Edwardian and Georgian Canadian Poets
29th Jun 2016Posted in: Edwardian and Georgian Canadian Poets 0
The Prophet’s Man

Of This edition of The Prophet’s Man, by Geoffrey B. Riddehough, two hundred and fifty copies have been printed. This Chap-book is a production of the Ryerson Press, Toronto, Canada.

Acknowledgements are made to the Vancouver Province in whose pages the following poems first appeared: “Conceit,” “Silence,” “Abiding,” “Acknowledgement,” “Duty,” “A Puritan to a Pagan Friend,” “From Thule.”

Copies of this Chap-book may be secured from The Ryerson Press, Toronto, and from Macrae Smith Company, Philadelphia, U.S.A.

The Ryerson Press
[inside front cover]

The Prophet’s Man
By Geoffrey B. Riddehough]

He has those vision. That is why we stay
Among these rocks, and knots of withered grass,
And brittle thorns that pierce before they break
Deep in our shoeless feet. He does not care—
I do not think he feels it—when I pull
The spines of poisoned pain on the tenth day,
But then he is a holy man, who speaks
To his bleak God when I am in the cave,
Wrapped in the coats of sheepskin. Then he comes,
Just when the morning mists are striking cold
And I wake stiff and numb; he stands beside me,
And cries, “O Shalca, I have heard His voice,
While the stars swept about us as we stood
High on the crag above thee. He has said
We must endure but for a little while
Until our folk shall know His ways, and we
Shall ride with all His horsemen to the plain—
We twain before the host, because we starved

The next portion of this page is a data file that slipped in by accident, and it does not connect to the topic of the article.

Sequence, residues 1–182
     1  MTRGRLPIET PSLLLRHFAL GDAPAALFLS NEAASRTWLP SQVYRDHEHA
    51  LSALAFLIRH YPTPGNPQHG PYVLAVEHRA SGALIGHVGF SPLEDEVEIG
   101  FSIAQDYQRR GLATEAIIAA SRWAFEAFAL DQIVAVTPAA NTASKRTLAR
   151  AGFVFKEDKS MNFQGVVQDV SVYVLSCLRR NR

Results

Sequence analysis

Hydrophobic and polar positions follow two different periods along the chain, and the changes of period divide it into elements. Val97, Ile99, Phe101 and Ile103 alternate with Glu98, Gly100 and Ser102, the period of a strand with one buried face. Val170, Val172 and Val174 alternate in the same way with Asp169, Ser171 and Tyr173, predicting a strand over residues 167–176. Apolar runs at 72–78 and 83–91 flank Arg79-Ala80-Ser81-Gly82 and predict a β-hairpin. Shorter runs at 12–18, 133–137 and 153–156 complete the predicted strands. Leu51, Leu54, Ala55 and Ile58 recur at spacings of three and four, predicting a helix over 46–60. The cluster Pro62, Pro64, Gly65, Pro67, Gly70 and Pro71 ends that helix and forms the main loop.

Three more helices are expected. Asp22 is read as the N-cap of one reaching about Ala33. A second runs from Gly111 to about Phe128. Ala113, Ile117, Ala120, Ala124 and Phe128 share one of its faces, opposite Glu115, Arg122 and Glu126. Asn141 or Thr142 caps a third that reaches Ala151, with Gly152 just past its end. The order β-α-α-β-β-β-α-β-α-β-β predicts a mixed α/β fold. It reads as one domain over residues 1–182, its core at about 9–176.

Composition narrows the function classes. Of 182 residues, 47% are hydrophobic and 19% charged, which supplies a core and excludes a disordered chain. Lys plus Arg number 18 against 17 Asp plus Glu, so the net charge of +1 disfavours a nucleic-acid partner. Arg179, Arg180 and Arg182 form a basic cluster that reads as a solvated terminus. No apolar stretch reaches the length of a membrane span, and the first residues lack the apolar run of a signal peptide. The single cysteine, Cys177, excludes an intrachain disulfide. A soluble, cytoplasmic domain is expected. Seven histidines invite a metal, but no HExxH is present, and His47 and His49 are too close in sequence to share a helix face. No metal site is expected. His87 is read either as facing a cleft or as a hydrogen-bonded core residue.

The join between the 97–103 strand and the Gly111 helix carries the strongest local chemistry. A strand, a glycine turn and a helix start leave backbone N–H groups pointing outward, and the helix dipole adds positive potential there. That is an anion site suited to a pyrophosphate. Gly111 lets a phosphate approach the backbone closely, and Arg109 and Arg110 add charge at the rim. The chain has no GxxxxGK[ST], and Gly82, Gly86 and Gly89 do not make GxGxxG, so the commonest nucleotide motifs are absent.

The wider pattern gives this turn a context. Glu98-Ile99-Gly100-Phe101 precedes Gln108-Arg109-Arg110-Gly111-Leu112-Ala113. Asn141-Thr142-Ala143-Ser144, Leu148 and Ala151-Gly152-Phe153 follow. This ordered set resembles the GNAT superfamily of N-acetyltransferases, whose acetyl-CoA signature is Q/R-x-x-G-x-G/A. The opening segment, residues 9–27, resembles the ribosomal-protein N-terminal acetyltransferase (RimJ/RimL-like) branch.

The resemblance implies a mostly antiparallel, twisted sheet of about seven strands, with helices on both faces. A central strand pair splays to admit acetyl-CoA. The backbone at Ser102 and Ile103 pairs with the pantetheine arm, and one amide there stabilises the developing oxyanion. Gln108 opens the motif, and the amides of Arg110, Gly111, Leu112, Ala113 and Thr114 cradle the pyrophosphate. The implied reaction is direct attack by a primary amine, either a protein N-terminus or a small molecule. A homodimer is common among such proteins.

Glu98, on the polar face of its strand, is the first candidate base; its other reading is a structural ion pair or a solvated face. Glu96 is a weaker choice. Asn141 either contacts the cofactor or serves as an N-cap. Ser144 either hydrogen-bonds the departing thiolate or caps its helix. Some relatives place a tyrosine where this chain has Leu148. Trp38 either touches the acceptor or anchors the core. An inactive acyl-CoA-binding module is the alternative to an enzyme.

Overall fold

And shivered here in lonely righteousness.

“I seemed to hear the ring of clanking steel
As many scabbards beat against the mail,
And bit and silver bridle jingled clear. [page 1]
I saw them ride, that keen-eyed host of ours,
Past the brook Karan, past the olive grove,
Thundering on among the cedar trees,
On to the shrines of the Accursed Ones—
Nay, rather, those of Jahveh, once again
Purified. By His altar I could hear
The stifled priests that howled in vain for aid
To Ashtoreth and Baal, while our men
Beat those foul foreheads backwards on the stone,
Whence yet arose fumes of their sacrifice.
Blood hissed upon the embers, and the slab
Beneath their throats was strewn with dagger-tips.
I heard the clang of hammers, and the crash
As each abominable idol fell
Impotent, now the appointed hour was come.
There in the shadows cowered the priestesses,
And troops of dancing-maidens with their brows
Bound with the gleaming silver of the Moon.
I saw the flash of bracelets, tinkling down
From wrist to elbow, down the lifted arms,
And dark-lashed eyes that closed before the stab
Of steel that knew no weak unfaithfulness.

“Onward we swept, and drove the mighty beams,
Shearing the hinges, and the great doors fell.
So sped the wolves of Jahveh up the stair
In a dark winding passage that was lit
By gleam of sword blades only—swords of ours,
For no man dared withstand us. So we burst
Out on the level roof. And there they stood,
The woman-vested horde of Ashtoreth,
In soft white robes, and gauzy veils of Tyre,
With diadems, with bands of amethyst
About their plump white throats, and from their ears
The pale lights glittered as they shook with dread.
We let them wait a little, that our God
Might glory in their terror. Two of them,
Unweaponed, sprang upon us, and they died.
The others saw them. Some of them seemed to laugh,